Thursday, January 9, 2020

Anime Roundup: Exclamation Mark Edition

I've noticed that a lot of anime shows have titles that end in either one, two, or even three exclamation marks. There are a few articles floating around the Internet that claim to have one explanation or another for this phenomenon; I've read some of them and, for the most part, they seem pretty tongue-in-cheek to me. I think the creators of these shows (and the manga that they're based on) are just trying to inject a sense of excitement into the whole deal, kind of like the content-naming equivalent of a street vendor shouting at passerby to get their attention. Anyway, purely by coincidence, I've been watching a few of these lately, such as:

This just might be my new favorite anime of all time. A slice-of-life comedy about a group of high school girls who form a band but hardly ever practice, it's funny, lighthearted, and a great portrayal of the beauty and power of friendship (even though the characters hardly practice, they hang out with each other so much and share such a strong bond that when they actually do play a show, they sound fantastic together). Just a few of the things that I love about it include:

- It's sweet but not saccharine; cute but not nauseatingly so

- It aces the Bechdel test over 99.9999% of its entire runtime, the only rare exceptions being when the girls bug their teacher/faculty advisor about her love life (or, more accurately, lack thereof). Yes, it's set at an all-girl school, but even so, the characters are too busy with their studies, music, and other aspects of everyday life to think about dating. Very refreshing.

- The musical instruments are drawn with precise and accurate detail, and when the characters play them, most of the time their hand movements actually look like they're playing what they're supposed to be playing. As a musician, I really appreciate this.

- Speaking of music, the songs from this show are AMAZING. All of them. I mean, I know I've said that most anime shows have great theme songs, but these go way beyond that. Which, I suppose, would make sense for a show about a band. The songs are so good (and popular), the show even pulled a cool meta maneuver and had the voice actors for the main characters take a crash course in their respective instruments and put on an arena-packing live concert.

Two seasons and a feature-length movie based on the show are available, but trust me, that ain't enough. Seriously, I could just watch this thing endlessly. But I suppose, like Stereopony, all good things must eventually come to an end, and maybe that's what makes them even better.

Love, Chunibyo, and Other Delusions!
At first, you might think this is one of those animes about several cute teenage girls who all inexplicably like the same boring dude (yes, that's a subgenre), but thankfully, it's actually a delightful young-adult rom-com-ish show about a boy who is trying to put his "chunibyo" (basically, a state of mind where you really believe that you have special powers) past behind and a girl who is still stuck in that phase. It's humorous, adorable, and very touching at times - especially during the lead-up to the end of season one. I love love love how it portrays the characters' imaginary magical battles as something real before it cuts to the actual action where all they're doing is clashing umbrellas with soup ladles. Or ARE THEY??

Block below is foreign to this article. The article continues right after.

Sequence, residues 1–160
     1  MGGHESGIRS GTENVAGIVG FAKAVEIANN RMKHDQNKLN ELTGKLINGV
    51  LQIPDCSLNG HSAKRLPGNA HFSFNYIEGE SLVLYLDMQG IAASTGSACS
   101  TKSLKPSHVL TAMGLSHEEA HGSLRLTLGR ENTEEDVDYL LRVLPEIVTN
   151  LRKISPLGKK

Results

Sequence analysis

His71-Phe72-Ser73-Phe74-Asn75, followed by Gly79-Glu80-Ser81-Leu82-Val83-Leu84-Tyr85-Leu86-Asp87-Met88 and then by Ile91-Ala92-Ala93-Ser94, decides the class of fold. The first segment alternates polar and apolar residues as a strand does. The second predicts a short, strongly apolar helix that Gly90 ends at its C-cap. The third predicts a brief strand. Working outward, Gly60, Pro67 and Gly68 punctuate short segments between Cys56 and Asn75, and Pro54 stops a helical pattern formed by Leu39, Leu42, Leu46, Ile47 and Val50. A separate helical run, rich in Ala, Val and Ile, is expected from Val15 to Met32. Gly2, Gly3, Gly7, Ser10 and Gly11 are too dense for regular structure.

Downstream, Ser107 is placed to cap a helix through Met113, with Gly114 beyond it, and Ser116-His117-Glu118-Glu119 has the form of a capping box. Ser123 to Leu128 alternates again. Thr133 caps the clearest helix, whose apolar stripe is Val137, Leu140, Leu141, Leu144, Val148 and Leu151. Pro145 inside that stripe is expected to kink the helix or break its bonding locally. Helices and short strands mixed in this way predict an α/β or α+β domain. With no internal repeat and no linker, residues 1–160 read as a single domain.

P.S. I'm still in my chunibyo phase, thank you very much.

Another rom-com-ish show, this one is about a high school girl who is a heavy-handed class president by day and a waitress at a maid cafe - a totally family-friendly establishment, for those of you who don't know - by night. I've noticed that a lot of manga and anime have premises that employ a similar "contrast" setup, like Saiki K. (a boy with psychic powers who just wants to be an ordinary kid), One Punch Man (a superhero so powerful that he becomes bored with his life), The Devil Is a Part-Timer (Satan comes to Earth and finds himself having to flip burgers to make ends meet), and more. It's a pretty effective formula, if you ask me.

This show's title gets two exclamation points!! I guess maybe because simply calling it "Haikyuu" ("Volleyball") sounds too boring otherwise? Or maybe because nobody actually calls volleyball "Haikyuu" in Japan (apparently, it's called "ba-re-bo-ru")? Who knows. Anyway, the basic idea is that there's a high school boy who really loves volleyball but is shorter than your average player so he makes up for it with grit and determination (and some serious NBA-level hops). It goes further than that, of course, introducing new teammates and highlighting the ensuing high school-haikyuu-high jinks (insert groan here) as our hero's team attempts to climb up through the ranks and win a championship. If you like volleyball and/or sports movies, this is for you.

Cells At Work!
If I told you that this was a show about anthropomorphic cells living and working within a gigantic city that is supposed to be a human body, you might think it was some kind of educational program geared toward young kids (or maybe a Japanese adaptation of Osmosis Jones). Turns out, it is pretty educational - the scientific factoids are (apparently) mostly accurate - and platelets are represented by cute little children, but then when, say, the white blood cells have to battle an infecting virus, it erupts into these vicious bloody fight scenes that would seem more at home in a Quentin Tarantino film, creating a massive sense of cognitive dissonance. Needless to say, it's a lot of fun.

Anyway, there are a LOT more exclamation-mark-titled shows (Angel Beats! Food Wars! Durarara!!), but we'll save those for a future roundup post. In the meantime, should I change the name of the Joel Suzuki series from "Joel Suzuki" to "Joel Suzuki!!"? Uh, no.

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